At The Donaldson’s Vets Maple Street Hospital, we treat the out-of-hours emergency cases for the whole Donaldson’s Group and so this tends to mean that we deal with a lot of trauma cases. Having a strong interest in orthopaedics, I tend to deal with a lot of the fractures that require surgical repair.
This last few weeks, we seem to have seen a large number of orthopaedic cases resulting from a variety of trauma situations.
We have seen cats with fractured pelvises and dislocated hips following road traffic accidents; we have seen a farm dog which has been knocked down by a tractor, we have had several dogs who have ruptured cranial cruciate ligaments in their knee joints, and we have even had a cat who was knocked down by his owner’s car while sunbathing on the drive.
Today, we have treated a 13 year old Lurcher called Bonnie with a fractured humerus. Initially, it was suspected that the shoulder was dislocated as Bonnie was so painful that it was difficult to examine her. However, on X ray it was immediately obvious that the injury was slightly lower down her leg.
Mid way between her elbow and her shoulder, there was a nasty spiral fracture and the bones had badly overridden each other. The fracture was very unstable and, even after many years of repairing fractures, the crunch of bone on bone still makes me wince.
I spoke at length to Bonnie’s owners. At 13 years old, Bonnie was an old dog to undergo a major fracture repair but, despite her age, Bonnie was a pretty fit and active dog before the accident so it was decided to progress to Theatre.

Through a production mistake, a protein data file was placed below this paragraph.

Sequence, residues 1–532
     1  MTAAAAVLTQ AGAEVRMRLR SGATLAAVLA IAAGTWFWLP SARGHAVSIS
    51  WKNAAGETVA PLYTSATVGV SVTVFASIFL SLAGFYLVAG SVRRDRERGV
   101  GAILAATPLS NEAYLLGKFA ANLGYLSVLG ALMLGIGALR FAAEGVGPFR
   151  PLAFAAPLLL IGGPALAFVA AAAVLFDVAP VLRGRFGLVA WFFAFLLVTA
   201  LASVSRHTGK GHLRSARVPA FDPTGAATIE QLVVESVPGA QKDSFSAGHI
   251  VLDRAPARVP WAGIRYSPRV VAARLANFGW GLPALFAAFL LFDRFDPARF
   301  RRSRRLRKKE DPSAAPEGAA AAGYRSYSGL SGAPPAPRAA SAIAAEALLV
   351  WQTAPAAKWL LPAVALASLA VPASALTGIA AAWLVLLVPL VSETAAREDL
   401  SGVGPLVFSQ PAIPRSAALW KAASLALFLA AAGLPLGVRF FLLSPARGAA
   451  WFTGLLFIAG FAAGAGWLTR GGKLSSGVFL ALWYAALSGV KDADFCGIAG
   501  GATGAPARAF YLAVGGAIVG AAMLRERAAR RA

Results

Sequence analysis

Bonnie’s leg was prepared for surgery then she was transferred to the High Sterility Operating Theatre.
I carefully dissected down to the fracture site and manipulated the ends of the fractured bone until they keyed together perfectly like pieces of a jigsaw. A single screw and thin pin were used to temporarily stabilise the bone fragments and a plate was contoured to the shape of her leg and screwed above and below the fracture site to rigidly stabilise the bones. The plate is called a Dynamic Compression Plate and it allows us to compress the bone fragment together which stimulates the bone healing.
Post-operative Xrays confirmed that the fracture was well aligned.
As Bonnie is an old dog, the fracture will take about 3 months to heal fully but I was pleased to see her walking and bearing weight on the injured leg within 6 hours of coming out of Theatre.
While we should always think carefully before performing a major procedure, Bonnie is proof that even older dogs can be remarkably resilient at recovering from major surgery.